Alcatel-Lucent has announced that it has transmitted 10 GBS over copper wires.
Here's an excerpt from the announcement:
Bell Labs, the research arm of Alcatel-Lucent (Euronext Paris and NYSE: ALU), has set a new broadband speed record of 10 gigabits-per-second (Gbps) using traditional copper telephone lines and a prototype technology that demonstrates how existing copper access networks can be used to deliver 1Gbps symmetrical ultra-broadband access services. . . .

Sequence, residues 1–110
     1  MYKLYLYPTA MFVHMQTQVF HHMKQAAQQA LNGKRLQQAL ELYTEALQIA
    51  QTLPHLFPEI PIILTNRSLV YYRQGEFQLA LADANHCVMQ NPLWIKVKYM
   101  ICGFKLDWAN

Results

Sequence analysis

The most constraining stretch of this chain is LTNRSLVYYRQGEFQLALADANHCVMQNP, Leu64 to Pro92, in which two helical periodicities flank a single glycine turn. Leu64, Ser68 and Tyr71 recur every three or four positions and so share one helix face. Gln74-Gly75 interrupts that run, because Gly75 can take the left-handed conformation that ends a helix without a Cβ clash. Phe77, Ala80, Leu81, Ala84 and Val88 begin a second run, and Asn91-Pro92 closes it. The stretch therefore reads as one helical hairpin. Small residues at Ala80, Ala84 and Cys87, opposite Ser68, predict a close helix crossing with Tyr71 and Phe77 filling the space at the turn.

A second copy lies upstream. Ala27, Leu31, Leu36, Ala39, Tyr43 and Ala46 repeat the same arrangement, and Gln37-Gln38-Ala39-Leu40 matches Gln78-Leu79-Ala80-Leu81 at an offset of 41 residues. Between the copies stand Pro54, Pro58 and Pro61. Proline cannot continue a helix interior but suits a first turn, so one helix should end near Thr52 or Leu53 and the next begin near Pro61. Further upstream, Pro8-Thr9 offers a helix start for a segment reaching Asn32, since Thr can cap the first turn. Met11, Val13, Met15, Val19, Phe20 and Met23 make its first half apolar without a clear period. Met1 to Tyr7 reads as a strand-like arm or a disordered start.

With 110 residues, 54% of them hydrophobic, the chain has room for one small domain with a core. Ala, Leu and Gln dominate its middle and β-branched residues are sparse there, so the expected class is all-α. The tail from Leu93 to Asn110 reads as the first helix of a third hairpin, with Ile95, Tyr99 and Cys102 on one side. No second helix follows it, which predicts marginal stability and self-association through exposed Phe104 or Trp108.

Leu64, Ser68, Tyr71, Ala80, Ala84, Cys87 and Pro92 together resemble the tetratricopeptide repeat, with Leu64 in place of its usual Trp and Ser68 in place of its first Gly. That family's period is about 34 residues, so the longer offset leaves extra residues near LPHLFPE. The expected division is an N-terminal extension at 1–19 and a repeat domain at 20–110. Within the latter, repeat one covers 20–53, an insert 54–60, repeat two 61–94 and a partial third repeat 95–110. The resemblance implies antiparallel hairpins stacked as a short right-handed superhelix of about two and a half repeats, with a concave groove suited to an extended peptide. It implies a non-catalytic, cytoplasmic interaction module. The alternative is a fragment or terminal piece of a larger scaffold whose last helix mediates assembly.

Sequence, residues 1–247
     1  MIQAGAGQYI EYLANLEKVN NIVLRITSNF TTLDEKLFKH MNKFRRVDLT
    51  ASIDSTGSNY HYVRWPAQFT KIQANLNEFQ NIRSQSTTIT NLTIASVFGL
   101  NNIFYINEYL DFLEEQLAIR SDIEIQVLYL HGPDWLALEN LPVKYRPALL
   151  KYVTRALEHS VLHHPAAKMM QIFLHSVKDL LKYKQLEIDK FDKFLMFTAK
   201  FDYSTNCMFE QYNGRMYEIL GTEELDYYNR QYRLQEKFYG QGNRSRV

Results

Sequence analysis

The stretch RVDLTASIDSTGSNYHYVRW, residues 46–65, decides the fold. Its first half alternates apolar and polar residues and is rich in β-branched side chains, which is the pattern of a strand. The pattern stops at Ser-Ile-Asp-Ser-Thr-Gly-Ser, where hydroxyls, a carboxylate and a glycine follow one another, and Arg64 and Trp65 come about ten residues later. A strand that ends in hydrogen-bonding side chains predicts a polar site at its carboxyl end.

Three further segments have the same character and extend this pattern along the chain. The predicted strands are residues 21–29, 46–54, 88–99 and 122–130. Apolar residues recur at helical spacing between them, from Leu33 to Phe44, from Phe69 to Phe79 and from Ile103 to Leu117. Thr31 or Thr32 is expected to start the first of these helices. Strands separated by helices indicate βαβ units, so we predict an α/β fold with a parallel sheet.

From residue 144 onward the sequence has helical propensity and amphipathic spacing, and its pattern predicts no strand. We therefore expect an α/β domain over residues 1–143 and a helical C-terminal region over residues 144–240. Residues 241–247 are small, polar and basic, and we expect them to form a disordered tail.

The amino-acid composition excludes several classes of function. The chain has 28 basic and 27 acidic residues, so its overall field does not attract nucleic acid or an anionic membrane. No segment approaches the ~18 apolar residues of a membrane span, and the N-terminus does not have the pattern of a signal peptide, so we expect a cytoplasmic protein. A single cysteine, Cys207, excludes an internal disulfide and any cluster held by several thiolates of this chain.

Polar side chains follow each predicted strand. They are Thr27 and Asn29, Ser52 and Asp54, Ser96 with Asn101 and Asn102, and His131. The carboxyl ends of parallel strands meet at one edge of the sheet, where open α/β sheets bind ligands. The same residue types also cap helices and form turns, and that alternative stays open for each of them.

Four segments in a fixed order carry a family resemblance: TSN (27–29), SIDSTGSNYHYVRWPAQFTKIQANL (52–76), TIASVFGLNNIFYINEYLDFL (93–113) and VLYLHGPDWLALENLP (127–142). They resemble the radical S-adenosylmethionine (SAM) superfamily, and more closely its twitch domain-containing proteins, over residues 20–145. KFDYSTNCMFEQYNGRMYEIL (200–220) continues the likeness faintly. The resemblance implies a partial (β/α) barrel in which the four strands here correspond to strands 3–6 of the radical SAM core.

The Bell Labs tests used a prototype technology called XG-FAST. This is an extension of G.fast technology, a new broadband standard currently being finalized by the ITU. When it becomes commercially available in 2015, G.fast will use a frequency range for data transmission of 106 MHz, giving broadband speeds up to 500 Mbps over a distance of 100 meters. In contrast, XG-FAST uses an increased frequency range up to 500 MHz to achieve higher speeds but over shorter distances. Bell Labs achieved 1 Gbps symmetrical over 70 meters on a single copper pair. 10 Gbps was achieved over a distance of 30 meters by using two pairs of lines (a technique known as "bonding"). Both tests used standard copper cable provided by a European operator.